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Education Lab Blog

Education Lab is a yearlong project to spark meaningful conversations about education solutions in the Pacific Northwest.

Topic: graduation requirements

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August 14, 2014 at 5:00 AM

Study: Dropout risk goes up with higher math/science hurdle

Nancy Ohanian / Op Art

Nancy Ohanian / Op Art

The decades-long push to boost the number of math and science classes high-school students must take to graduate has raised a question: Will students who already are struggling to meet the current requirements drop out if the bar is even higher?

Researchers at Washington University in St. Louis recently suggested that the answer is yes.

Their study, published in the June/July issue of the journal Educational Researcher found that students were more likely to drop out of high school if they had to pass six math/science classes to graduate (11.4 percent dropout rate) than if they had to pass two (8.9 percent dropout rate).

“I think our findings highlight the need to anticipate there may be unintended consequences, especially when there are broad mandates that, in effect, make high school coursework harder,” said one of the study’s authors, Andrew D. Plunk in an article about the study published by the university.

African-Americans and Hispanics were especially affected, he wrote.


Comments | More in Math and science, News | Topics: dropouts, graduation requirements, math

July 11, 2014 at 5:00 AM

State board protects 17 core graduation credits from waivers

When the state’s new graduation requirements go into effect in 2019, school districts won’t have as much flexibility as some wanted in waiving credits for students facing unusual circumstances.

The state board of education voted Thursday to protect 17 of the 24 required credits from waivers, essentially limiting any waivers to elective classes.

The 17 protected credits include four in English, three in math, three in science, three in social science, two in health and fitness, one in the arts, and one in career/technical education.

The 8-5 vote followed a lot of debate about what the Legislature actually meant when it passed the new graduation law last spring. That law increased the number of credits that students must earn from 20 to 24. It also gave school districts the ability to waive up to two of those credits in unusual circumstances.

It was clear that each district would be able to define what “unusual” meant, but debate erupted over which credits could be waived.


Comments | More in News | Topics: graduation requirements, waivers, Washington State Board of Education

July 3, 2014 at 5:00 AM

Debate heats up over flexibility in new graduation requirements

Last spring, the Washington State Legislature voted to raise the number of credits that students must earn to graduate from high school from 20 to 24. The bill passed by a large majority, and the change will go into effect for the class of 2019.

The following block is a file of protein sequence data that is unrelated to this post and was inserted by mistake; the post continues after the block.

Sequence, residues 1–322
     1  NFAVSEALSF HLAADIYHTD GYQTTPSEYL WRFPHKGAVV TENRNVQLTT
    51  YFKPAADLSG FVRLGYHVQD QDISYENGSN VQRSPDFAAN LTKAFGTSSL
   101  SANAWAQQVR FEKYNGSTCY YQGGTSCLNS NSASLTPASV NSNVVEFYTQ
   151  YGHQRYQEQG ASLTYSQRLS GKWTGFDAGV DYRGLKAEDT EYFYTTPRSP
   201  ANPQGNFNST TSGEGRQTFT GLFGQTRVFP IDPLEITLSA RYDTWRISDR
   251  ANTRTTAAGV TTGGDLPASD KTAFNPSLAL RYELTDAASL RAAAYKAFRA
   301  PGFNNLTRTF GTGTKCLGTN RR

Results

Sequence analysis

But in the last few months, debate over one part of that bill has risen as sharply as this week’s temperatures.

The law says school districts can waive up to two of the 24 credits in “unusual circumstances,” a term that each school district would define for itself.

So far, so good.

The argument centers on which credits could be waived. While some argue that school districts should be able to decide that, too, others contend that 17 “core” credits  mostly in math, English, science and social studies  should be off-limits.


Comments | More in News | Topics: Excellent Schools Now, graduation requirements, Washington State Board of Education

February 4, 2014 at 5:00 AM

What does our diploma mean? Not much, employers say

Michael Osbun / Op Art

Michael Osbun / Op Art

There is little argument about the facts: Fewer than half of all graduating high school seniors in Washington meet basic requirements for admission to public universities, and hundreds of employers say our high school graduates do not have adequate skills in reading, writing or math — even for low-level jobs.

In Olympia, there have been various responses — everything from requiring more hours in class, to mandating tougher graduation requirements.

“Even carpenters need to pass Algebra 2 if they want to be certified,” says Rep. Kristine Lytton, D-Anacortes, who has sponsored a bill requiring more science, language and career education for high school students.

She joins the state Board of Education in pushing for a 24-credit diploma to boost rigor over our current 20-credit benchmark.

“What is a meaningful high school diploma?” Lytton asked in an interview. “We know that what we’re doing right now is not working.”

Indeed, 58 percent of Washington’s community college students need to take remedial classes before they can even start working toward a degree.


Comments | More in News | Topics: graduation requirements, Washington state legislature